Ban on Bird Feeders Lifted

New Canaan residents can bring their bird feeders back outdoors again now that the  mysterious bird die-off that started in July has subsided. During the Conservation Commission’s Sept. 9 virtual meeting, Newell Cotton, a member of Friends of Bristow Bird Sanctuary and Wildwood Preserve, provided an update on the strange disease that resulted in a ban on bird feeding. Cotton said the mysterious affliction “was a concern during the summer—you probably saw the Connecticut Audubon’s communications regarding taking down feeders—but now they say feeders can go back up.”

Cotton said although the alarming trend of birds suddenly dying “did make its way to Connecticut, it was in very small numbers.”

“It was more of a Mid-Atlantic occurrence—around Washington D.C., Virginia and Maryland,” he said. “I don’t think the root cause has been identified.

More Improvements Coming to Bristow Bird Sanctuary

More improvements at Bristow Bird Sanctuary—including improving trails, adding more boardwalk, building a new pavilion and adding a bird blind—will soon be underway. During the Conservation Commission’s meeting on Sept. 9, Chairman Chris Schipper announced that the town is actively bidding for phase two of the project, which will be privately funded and includes the construction of footings and a pad for the new pavilion. “I was very pleased to have seen the bid notice out today for Centennial Master Plan Phase 2,” Schipper said during the virtual meeting. “Let’s hope we get some interested responders who can undertake that phase.”

Director of Public Works Tiger Mann said the contractor who won the bid for phase one has been notified that bidding is now open for phase two.

To Boost Sustainability, New Canaan Explores Adding Electric Vehicles to Fleet

The town of New Canaan is gearing up to add electric vehicles to its fleet as part of its effort to achieve silver accreditation in the Sustainable CT program, which offers recognition and grants to towns that engage in a range of sustainability initiatives that meet state standards. On Thursday, Public Works Director Tiger Mann presented an update to the Conservation Commission on the town’s plan to start replacing some if its municipal vehicles with electric vehicles. Although Mann said there is no definitive timetable for converting the town’s fleet, the process would likely begin with the vehicles used by the various land use boards such as the Building, Inland Wetlands, Planning & Zoning and Health departments. “A majority of our fleet is either emergency vehicles for police and fire—or for public works,” Mann said during the meeting, held via videoconference. “We are looking to turnover our land use departments to electric vehicles, first.”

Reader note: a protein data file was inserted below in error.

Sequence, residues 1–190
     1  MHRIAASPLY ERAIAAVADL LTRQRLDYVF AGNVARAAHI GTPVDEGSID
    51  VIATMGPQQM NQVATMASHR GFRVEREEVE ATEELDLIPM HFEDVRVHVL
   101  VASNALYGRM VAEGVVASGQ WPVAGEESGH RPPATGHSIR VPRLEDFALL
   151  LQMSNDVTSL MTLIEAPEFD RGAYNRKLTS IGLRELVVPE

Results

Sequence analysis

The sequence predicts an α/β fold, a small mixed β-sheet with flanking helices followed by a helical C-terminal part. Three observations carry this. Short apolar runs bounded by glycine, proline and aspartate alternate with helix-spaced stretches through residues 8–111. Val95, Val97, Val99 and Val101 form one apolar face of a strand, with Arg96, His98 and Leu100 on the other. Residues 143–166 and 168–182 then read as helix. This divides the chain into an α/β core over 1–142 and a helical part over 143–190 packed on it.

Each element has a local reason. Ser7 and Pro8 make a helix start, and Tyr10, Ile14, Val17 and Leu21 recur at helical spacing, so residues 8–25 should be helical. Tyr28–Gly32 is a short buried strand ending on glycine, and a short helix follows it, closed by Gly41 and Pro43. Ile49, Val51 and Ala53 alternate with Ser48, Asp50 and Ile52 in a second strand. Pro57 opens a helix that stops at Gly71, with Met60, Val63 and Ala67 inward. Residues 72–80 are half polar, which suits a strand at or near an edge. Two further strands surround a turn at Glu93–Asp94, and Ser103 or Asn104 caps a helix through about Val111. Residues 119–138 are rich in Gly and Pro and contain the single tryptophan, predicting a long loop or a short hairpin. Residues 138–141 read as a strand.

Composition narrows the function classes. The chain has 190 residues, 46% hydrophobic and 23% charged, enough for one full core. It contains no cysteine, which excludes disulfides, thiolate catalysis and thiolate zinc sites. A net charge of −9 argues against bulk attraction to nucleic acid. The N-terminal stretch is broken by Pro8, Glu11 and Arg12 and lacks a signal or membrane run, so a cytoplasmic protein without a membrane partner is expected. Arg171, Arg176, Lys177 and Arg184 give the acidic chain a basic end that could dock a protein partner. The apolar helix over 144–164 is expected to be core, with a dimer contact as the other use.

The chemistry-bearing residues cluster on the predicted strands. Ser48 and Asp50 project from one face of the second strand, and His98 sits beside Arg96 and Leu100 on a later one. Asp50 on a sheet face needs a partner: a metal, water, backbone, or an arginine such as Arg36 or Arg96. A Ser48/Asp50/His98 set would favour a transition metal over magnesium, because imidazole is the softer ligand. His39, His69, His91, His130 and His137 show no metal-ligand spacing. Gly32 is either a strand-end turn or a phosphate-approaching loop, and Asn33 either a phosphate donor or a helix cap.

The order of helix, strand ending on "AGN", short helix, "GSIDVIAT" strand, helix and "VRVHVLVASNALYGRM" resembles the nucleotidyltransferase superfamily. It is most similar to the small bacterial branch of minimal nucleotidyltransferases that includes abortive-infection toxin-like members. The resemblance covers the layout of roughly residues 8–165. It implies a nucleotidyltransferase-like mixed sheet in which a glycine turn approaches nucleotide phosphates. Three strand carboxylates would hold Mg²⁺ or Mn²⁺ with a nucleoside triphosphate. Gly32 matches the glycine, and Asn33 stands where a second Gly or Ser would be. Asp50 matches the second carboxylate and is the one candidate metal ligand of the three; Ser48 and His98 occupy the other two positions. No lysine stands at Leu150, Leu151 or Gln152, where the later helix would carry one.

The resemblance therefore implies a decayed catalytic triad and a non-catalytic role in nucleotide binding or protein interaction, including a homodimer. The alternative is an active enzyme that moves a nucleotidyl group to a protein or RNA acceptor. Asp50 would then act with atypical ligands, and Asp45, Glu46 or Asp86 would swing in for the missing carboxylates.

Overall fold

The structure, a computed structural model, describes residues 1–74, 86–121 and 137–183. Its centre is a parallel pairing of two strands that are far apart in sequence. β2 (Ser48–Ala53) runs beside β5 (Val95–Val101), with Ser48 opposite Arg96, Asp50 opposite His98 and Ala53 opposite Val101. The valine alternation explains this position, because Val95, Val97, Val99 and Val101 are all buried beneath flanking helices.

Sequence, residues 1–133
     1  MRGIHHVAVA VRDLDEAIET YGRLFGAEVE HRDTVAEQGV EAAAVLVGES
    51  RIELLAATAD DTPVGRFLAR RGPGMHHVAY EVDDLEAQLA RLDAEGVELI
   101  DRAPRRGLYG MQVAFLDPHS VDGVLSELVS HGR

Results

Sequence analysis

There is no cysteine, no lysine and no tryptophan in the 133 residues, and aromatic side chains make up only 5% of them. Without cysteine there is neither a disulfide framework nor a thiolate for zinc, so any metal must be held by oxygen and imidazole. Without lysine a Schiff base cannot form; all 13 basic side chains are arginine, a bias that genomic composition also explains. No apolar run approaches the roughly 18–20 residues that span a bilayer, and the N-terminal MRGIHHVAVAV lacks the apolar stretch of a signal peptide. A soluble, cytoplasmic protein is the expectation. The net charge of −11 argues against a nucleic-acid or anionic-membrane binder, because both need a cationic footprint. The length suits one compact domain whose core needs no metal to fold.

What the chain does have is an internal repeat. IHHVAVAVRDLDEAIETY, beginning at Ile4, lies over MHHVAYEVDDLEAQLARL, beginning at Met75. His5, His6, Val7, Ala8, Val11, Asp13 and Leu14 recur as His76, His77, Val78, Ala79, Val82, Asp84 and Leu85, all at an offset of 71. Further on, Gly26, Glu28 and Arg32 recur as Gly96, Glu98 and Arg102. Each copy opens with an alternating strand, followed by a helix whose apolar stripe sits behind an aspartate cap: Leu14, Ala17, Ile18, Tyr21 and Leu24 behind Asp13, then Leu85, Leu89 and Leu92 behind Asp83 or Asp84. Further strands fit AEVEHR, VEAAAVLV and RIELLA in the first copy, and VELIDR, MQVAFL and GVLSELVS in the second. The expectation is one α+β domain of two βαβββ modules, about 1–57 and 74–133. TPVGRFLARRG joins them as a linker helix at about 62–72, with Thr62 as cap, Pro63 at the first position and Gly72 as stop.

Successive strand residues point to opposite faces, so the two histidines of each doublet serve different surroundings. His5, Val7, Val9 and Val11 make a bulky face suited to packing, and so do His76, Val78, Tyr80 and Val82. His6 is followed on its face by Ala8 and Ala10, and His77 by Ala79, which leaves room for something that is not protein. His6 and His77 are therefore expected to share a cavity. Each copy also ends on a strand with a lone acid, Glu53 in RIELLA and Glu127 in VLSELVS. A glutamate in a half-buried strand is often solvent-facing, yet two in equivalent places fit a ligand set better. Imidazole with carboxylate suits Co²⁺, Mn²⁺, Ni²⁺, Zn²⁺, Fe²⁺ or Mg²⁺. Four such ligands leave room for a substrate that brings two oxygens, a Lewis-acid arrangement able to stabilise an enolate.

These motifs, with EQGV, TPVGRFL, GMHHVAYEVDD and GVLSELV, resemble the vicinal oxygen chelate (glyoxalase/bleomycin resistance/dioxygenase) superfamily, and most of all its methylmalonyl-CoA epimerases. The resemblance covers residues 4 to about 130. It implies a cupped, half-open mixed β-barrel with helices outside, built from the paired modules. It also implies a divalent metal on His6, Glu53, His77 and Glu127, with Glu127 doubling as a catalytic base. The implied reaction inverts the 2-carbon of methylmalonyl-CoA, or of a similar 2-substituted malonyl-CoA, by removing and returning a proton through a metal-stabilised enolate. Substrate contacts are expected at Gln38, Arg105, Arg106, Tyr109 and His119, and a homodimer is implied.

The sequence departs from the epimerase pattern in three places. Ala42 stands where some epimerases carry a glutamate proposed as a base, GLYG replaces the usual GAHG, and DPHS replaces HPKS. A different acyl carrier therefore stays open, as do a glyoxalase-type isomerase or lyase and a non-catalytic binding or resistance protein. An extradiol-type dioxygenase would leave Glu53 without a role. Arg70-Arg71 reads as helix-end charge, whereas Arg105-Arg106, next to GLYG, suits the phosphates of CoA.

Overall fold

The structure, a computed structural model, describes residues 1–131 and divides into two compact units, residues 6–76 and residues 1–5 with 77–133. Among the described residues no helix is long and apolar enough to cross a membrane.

Mann said last year the town submitted a proposal for a mitigation in air quality grant from the Western Connecticut Council of Governments to switch four land use department vehicles to electric, but the Department of Transportation denied the application.

Parking Commission Opposed to Double Yellow Line in Morse Court

Members of the New Canaan Parking Commission at their most recent meeting said they are opposed to a traffic consultant’s recommendation that Morse Court be double-yellow-lined, so as to eliminate “wrong way” parking on the north side of the road, which is used for access to the Morse Court Lot. The traffic consultant had first made the recommendation during a meeting of the Police Commission several weeks ago—when possible changes to parking and crosswalks on Main Street were discussed—and it was reported by NewCanaanite. However, during the Nov. 7 meeting at Town Hall, Parking Commissioner Pamela Crum wanted to make it clear to the public that the appointed body is not in favor of this recommendation and, furthermore, that the road falls under the purview of the Parking Commission and not the Police Commission. “[This matter] results from an article in New Canaanite about a consultant that the police had hired who had suggested putting a double yellow line through Morse Court, so there would be a street, so you could put one-way parking down one side,” Crum explained.

Canopy Plan For Talmadge Hill Station Takes a Step Forward

A new canopy on the platform at Talmadge Hill Train Station would cost about $450,000, members of the New Canaan Parking Commission said last week. Commissioner Chris Hering, who is spearheading the plan, said he has received a quote from a private company for a 100-foot long bus-stop style canopy with solar panels, and that the quoted price includes installation. Hering said he has forwarded to quote the Board of Selectmen. That’s a fraction of the estimated $4 million the state would have spent installing a more permanent canopy in a previously submitted plan. However, as Hering noted during the Nov.